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Ghana seawater desalination project receives $179m from World Bank

15 November 2012

seawater desalination

The Multilateral Investment Guarantee Agency (MIGA), the political risk insurance arm of the World Bank Group, has guaranteed an investment of $179m for a seawater desalination project in Ghana.

The project aims to provide 60,000m³ of potable water per day to residents in the Teshie-Nungua area of Accra, Ghana.

To be built on a 25-year build-own-operate-transfer basis, the plant is expected to benefit about 500,000 people in the region.

Ghana is one of the four sub-Saharan Africa countries on track to meet the Millennium Development Goal water targets with the completion of this seawater desalination project.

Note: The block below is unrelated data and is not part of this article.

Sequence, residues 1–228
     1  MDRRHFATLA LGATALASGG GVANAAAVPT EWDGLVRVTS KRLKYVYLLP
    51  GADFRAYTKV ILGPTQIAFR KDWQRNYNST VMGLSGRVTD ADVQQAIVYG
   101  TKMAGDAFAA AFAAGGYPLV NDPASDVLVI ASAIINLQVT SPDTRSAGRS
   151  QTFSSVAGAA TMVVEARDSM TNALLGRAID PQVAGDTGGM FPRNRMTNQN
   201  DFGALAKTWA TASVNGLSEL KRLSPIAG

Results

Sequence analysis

The country requires huge investment over the next ten years to meet its increasing demand for water.

Takatsune Hirayama of Daye Water Investment (Ghana) said the investment in this project will increase the water supply and reduce the frequent occurrence of water and sanitation-related diseases, including cholera in the area.

"It will also eliminate the need to purchase water from water trucks, which is expensive and, moreover, the quality cannot be assured," Hirayama added.

MIGA executive vice president Izumi Kobayashi said it is a priority task to supply increased water in the project area, where most residents don't have access to safe drinking water.

"We're very pleased to be supporting this investment that will supply water to Accra's residents and provide technical know-how in seawater treatment to build capacity in the country," Kobayashi added.

An estimated 4 million of Ghana's 24 million-strong population live in Accra and the surrounding area.


Image: MIGA has guaranteed an investment of $179m for a seawater desalination project in Ghana. Photo: Vmenkov.